Vintage in Context: the 1900s

Ah, the 1900s, the first decade of one of the most influential centuries in history.  So much has happened since then, although 100 years is nothing in comparison to all of history!  In the past century, so many new inventions have been created, so many world movements started, so many events on the global stage have occurred.  The 1900s is so different from today, but it has impacted us so much!

Here are some events from around the world from 1900-1909:

photo source and e-version of book

Sigmund Freud's book The Interpretation of Dreams is released in 1900, and he's paid $209 for his work.  It is the first serious look at dreams as indicators of inner psychological issues.  It was received coldly and critically but is now considered one of Freud's most prolific and original works.  The ideas of wish-fulfillment theory, symbolism in dreams, sexuality in childhood, and the connection between hallucinations and dreams comes from this book.

Chinese woodblock print showing the capture of Tianjin in June of 1900

After a disastrous war with Japan, the Boxer Rebellion in China reaches Peking, the capital, in 1900.  At first, the Boxers attempt to overthrow the Chinese Ch'ing Dynasty currently in power, but as the Empress Dowager begins to back them, they turn their attention to ridding China of all foreigners.  Japan, Britain, the U.S., Russia, Italy, and France send in a force of 2,100 soldiers to attempt to protect their citizens, but the Empress orders all foreigners to be killed in June of 1900 and many foreign ambassadors, missionaries, and laypeople are killed.  The rebellion is subdued by August, but it weakens the Ch'ing Dynasty and hastens the arrival of the Republic of China in a few years.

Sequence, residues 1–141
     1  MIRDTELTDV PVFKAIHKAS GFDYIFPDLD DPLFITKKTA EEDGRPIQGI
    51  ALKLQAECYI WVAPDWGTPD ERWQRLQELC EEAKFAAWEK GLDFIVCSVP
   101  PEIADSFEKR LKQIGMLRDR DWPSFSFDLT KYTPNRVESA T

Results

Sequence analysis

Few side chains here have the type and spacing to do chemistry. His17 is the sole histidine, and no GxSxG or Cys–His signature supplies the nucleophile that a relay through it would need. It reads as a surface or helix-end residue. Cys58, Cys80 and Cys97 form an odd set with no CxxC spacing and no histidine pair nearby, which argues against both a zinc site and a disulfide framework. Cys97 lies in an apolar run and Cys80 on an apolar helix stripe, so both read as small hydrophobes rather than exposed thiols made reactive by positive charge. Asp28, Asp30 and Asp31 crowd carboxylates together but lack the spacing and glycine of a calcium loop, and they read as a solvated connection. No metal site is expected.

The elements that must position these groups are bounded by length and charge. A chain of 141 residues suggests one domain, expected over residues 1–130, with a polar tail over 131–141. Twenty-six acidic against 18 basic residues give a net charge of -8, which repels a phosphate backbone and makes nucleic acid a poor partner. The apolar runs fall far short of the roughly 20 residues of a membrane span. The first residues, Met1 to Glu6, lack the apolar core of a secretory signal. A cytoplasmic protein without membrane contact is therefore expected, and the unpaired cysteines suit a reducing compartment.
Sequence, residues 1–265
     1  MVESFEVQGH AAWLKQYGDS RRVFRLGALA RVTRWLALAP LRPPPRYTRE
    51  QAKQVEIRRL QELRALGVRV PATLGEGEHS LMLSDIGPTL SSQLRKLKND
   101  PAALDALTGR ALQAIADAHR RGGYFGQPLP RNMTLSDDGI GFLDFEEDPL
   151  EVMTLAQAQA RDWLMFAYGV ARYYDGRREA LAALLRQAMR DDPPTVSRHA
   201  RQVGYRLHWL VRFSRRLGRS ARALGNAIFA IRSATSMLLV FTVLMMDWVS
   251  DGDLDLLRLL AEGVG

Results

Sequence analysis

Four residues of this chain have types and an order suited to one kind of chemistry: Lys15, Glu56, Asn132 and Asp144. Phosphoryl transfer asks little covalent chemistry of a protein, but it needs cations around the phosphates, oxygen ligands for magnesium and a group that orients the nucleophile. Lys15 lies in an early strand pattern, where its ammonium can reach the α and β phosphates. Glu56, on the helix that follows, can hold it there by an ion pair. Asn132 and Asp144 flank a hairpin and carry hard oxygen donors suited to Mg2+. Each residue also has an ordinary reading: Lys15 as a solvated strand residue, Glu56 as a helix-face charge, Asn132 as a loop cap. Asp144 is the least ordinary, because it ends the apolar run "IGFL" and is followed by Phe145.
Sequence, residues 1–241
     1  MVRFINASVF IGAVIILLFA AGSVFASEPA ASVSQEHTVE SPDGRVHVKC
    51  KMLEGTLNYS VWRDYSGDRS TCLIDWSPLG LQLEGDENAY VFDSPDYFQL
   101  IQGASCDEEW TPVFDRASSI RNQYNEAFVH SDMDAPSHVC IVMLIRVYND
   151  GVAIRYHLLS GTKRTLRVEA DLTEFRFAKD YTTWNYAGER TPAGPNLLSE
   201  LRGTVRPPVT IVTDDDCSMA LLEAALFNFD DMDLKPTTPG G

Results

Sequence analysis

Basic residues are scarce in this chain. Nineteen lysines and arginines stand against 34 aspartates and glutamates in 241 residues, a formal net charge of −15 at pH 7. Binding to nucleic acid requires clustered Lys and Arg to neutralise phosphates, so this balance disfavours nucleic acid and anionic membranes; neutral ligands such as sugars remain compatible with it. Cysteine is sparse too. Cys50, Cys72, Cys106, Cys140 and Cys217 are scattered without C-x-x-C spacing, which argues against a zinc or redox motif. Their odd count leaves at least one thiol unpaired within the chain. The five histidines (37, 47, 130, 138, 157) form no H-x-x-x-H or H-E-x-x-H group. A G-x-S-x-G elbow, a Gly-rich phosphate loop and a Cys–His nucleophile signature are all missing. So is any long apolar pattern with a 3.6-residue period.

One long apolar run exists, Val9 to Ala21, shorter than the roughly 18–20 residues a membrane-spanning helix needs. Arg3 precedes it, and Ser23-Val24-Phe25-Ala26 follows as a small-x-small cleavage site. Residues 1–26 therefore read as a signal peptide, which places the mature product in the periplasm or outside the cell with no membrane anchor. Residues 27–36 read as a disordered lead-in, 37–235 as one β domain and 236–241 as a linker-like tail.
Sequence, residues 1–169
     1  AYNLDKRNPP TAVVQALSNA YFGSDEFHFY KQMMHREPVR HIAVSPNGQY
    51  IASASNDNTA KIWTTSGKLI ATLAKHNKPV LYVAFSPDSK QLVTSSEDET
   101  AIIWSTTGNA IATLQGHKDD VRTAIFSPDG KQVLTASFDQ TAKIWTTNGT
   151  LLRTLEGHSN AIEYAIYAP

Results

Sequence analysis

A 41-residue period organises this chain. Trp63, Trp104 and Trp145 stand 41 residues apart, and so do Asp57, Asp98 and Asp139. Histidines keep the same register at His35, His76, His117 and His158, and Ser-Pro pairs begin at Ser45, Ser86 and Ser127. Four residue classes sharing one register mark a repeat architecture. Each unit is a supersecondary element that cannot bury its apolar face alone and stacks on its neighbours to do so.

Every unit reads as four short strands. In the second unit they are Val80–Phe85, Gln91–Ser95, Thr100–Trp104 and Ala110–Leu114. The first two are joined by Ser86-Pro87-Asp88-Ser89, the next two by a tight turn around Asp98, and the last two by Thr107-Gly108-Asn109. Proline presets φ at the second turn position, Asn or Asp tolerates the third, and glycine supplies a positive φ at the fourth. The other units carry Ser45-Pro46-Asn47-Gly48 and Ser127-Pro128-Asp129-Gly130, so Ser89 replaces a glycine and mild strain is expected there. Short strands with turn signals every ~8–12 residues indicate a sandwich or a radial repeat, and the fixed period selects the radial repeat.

Thomas Edison produces the first narrative silent film, "The Great Train Robbery" in 1903.  Lasting 12 minutes, it portrays a train being robbed and the thieves being shot by a posse that comes after them.  It included many revolutionary film editing techniques such as panning a camera to follow characters and shooting in more than one scene.

In 1904, the New York City subway system opens.  Although not the first in America, it quickly becomes one of the largest and most famous systems in the country.  100,000 people each pay a nickel on opening day to ride the new transportation!
1907 sees the convening of the Second Hague Conference in which world leaders such as Tsar Nicholas II of Russia, President Roosevelt (U.S.), and forty three other delegations discuss different world issues, including the decrease in armaments and establishing international protocol for peacefully settling disputes.  Not much is accomplished, for power blocs had already been established between European countries, and this tenuous balance of power later leads to World War I.  However, the Ten Rules of Warfare are, ironically, agreed upon.


The Young Turk Revolution occurs in 1908, attempting to overthrow the Ottoman Empire with the hopes of introducing a constitutional government and promoting all-Turk equality (at the expense of minorities).  Led by the young Turkish bourgeoisie class (made of mostly intellectuals and military officers), the revolt is eventually subdued but sets the stage for the more successful Kemalist Revolution to come.

1900s pictures from around the world:

Yemeni jewelry made of metal, coral, and old Islamic coins, early 1900s
Mbo, King of Bali, early 1900s
Pablo Picasso helps introduce Cubism in 1907 with his piece "Les Demoiselles D'Avignon"
Dancing girls and musicians in Dehli, early 1900s

Don't forget to enter the Giant Two Year Anniversary Giveaway!  It ends November 1st!

1 comment

  1. I love the 1900s, it's such an interesting and different era. My Grandpa was born in 1901 so I always hear lots of stories from my mum that he had passed on to her about historic events. I'm also in uni and been learning about Sigmund Freud, it's quite funny to look back on that research now, such strange theories....he did definitely leave a mark on history though.